UK researchers create low-cost electrospray and electrospinning device using FDM 3D printing

Researchers from the University of Edinburgh have used FDM 3D printing to fabricate a low-cost electrospray/electrospinning device intended for biomedical applications. 

Although leveraging different techniques, both electrospray and electrospinning methods use analogous technology for the production of nanostructures. Electrospinning enables the production of polycaprolactone fibers with diameters in the order of some hundred nanometers. Electrospray ionization (ESI) on the other hand is used to prepare nanospheres and nanoparticles. However a typical laboratory electrospinning setup can be capable of both the electrospray and electrospinning modes. 

Part of the School of Engineering, Institute for Materials and Processes at the University of Edinburgh, the researchers identified that the commercial setup for electrospray and electrospinning methods can cost between $17,000 – $300,000 USD, despite being fairly simple to establish. As such, many researchers have resorted to unsafe, homemade solutions. As a potential answer, the researchers have developed and shared an FDM 3D printing process enabling the fabrication of a safe, modular electrospray/electrospinning setup. 

Schematic drawing of a typical electrospray setup. Right: Schematic drawing of a typical electrospinning setup. Image via 3D Printing in Medicine.
Left: Schematic drawing of a typical electrospray setup. Right: Schematic drawing of a typical electrospinning setup. Image via 3D Printing in Medicine.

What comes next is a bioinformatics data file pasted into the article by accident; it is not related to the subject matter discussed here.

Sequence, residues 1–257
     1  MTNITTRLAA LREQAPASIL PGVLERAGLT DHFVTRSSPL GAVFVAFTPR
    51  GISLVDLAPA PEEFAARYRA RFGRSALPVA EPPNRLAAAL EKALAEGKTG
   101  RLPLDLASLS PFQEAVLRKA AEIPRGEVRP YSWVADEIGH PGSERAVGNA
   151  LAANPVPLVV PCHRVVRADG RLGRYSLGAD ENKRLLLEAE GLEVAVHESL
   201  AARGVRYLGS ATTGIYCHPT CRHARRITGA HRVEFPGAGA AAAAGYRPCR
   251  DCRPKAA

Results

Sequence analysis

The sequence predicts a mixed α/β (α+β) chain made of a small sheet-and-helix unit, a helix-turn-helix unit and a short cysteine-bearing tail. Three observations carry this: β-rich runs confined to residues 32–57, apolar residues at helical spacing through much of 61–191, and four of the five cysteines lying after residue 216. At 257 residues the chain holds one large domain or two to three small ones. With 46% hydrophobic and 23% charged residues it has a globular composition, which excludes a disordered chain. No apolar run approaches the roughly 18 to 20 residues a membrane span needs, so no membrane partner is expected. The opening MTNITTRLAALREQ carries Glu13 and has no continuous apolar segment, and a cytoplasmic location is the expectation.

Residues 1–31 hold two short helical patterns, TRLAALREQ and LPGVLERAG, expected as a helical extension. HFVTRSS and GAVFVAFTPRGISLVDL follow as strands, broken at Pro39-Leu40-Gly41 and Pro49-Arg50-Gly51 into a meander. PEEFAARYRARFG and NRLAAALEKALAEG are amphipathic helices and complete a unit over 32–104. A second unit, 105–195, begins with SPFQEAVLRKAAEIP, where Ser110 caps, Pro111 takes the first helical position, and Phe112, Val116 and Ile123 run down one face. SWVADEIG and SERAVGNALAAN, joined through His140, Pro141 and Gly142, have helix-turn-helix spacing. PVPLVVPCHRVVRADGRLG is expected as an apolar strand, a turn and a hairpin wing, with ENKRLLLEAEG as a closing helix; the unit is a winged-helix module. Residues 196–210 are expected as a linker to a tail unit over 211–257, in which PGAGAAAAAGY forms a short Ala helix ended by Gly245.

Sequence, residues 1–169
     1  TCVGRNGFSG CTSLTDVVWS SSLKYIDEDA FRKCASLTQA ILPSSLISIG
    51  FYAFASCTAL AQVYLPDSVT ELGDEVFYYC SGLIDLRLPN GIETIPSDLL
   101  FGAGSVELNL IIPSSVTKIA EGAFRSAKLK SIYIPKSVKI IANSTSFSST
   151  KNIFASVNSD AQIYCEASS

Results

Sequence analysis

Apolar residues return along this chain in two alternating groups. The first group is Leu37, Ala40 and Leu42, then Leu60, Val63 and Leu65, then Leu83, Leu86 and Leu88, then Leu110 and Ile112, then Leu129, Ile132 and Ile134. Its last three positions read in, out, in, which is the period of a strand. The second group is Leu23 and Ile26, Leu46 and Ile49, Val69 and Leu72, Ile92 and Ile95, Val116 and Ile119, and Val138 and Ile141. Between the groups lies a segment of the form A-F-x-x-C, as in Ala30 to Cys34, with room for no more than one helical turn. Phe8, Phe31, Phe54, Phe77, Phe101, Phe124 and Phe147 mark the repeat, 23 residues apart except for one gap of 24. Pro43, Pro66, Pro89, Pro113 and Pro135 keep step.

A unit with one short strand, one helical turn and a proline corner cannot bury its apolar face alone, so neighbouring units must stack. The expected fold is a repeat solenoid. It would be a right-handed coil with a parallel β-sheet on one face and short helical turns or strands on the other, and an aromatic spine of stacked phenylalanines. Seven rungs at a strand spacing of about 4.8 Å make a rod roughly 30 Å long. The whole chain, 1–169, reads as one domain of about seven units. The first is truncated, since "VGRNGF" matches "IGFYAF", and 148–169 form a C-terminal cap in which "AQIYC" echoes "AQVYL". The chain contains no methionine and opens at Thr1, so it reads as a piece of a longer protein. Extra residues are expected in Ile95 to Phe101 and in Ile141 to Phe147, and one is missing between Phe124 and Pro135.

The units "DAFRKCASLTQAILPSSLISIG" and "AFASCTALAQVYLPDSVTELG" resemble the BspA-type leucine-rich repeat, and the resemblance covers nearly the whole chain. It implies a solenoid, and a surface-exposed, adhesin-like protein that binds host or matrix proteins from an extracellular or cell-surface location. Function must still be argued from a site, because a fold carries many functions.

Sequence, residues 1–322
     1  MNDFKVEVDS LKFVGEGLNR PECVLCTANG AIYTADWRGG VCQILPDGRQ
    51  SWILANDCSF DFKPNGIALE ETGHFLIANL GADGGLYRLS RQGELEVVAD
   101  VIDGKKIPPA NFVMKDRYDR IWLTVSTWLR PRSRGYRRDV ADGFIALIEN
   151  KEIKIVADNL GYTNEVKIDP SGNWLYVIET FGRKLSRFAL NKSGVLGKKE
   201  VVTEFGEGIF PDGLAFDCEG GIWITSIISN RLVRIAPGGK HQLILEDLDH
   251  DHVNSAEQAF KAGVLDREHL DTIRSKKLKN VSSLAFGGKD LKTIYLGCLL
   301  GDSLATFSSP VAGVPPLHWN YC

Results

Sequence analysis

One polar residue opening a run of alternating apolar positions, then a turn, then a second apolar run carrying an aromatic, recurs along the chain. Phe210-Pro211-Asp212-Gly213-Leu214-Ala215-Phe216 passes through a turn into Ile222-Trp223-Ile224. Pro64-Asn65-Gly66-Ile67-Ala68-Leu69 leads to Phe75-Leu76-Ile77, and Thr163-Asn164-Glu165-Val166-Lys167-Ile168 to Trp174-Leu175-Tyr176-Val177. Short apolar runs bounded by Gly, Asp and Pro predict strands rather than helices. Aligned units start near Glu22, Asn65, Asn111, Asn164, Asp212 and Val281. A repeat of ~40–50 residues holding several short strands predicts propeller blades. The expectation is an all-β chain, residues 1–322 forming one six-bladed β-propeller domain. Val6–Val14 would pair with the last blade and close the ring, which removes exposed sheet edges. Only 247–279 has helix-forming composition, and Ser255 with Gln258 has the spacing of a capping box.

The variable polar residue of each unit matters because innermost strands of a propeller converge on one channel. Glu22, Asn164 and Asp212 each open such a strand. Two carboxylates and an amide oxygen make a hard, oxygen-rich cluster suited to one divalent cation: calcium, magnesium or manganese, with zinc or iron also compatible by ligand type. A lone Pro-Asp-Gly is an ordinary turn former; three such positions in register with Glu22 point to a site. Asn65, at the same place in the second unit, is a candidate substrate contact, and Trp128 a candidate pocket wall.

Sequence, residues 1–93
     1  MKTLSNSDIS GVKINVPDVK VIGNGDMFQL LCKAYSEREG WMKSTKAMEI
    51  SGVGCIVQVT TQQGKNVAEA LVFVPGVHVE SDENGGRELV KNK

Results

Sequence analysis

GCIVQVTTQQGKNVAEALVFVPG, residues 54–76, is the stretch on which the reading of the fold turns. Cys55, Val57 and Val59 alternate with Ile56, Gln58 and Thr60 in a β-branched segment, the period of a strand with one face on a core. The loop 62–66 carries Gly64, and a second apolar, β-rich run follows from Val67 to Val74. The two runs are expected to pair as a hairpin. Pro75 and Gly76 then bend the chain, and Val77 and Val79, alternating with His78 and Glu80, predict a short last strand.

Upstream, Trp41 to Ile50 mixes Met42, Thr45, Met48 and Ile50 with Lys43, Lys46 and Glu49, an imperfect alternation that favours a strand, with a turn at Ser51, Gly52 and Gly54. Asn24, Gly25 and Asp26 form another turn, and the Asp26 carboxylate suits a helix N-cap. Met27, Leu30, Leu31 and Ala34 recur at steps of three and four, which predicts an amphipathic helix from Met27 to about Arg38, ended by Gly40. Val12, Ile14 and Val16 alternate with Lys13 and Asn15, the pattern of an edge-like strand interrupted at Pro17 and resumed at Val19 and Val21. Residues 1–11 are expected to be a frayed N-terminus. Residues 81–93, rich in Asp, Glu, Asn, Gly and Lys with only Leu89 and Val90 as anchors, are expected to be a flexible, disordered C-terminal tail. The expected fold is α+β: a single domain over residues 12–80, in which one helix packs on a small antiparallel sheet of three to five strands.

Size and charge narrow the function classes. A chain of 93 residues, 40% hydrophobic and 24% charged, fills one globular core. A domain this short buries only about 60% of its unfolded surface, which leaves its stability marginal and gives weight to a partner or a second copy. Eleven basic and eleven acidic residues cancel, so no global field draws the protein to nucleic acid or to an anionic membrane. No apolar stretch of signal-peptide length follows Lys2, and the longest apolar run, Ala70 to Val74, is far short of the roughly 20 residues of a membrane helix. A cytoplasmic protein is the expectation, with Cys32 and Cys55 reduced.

What are electrospinning and electrospray techniques?

A fiber production method, electrospinning uses electric force to draw charged threads of polymer nano/micro-fibers. It is a widely used method for pharmaceutical, medicinal or biological applications such as scaffolds for tissue engineering or creating nanofibrous wound dressings. Explaining further, the researchers that “It is also widely used in medical diagnosis and drug delivery as they can immobilize the recognition element or active pharmaceutical ingredient due to the large surface area and porosity.”

The electrospray technique, also known as ESI, enables the production of ions, which are atoms or molecules with a net electrical charge. To achieve this, the technique leverages an electrospray to apply a high voltage to a liquid to create an aerosol. An electrospray itself is an apparatus that employs electricity to disperse a liquid. Electrosprayed nanoparticles are often used for pharmaceutical, biological or medicinal applications. For example, electrospray can be used to fabricate nanoparticles loaded with drugs for nanoparticle drug delivery or loaded with cell growth factors for tissue engineering.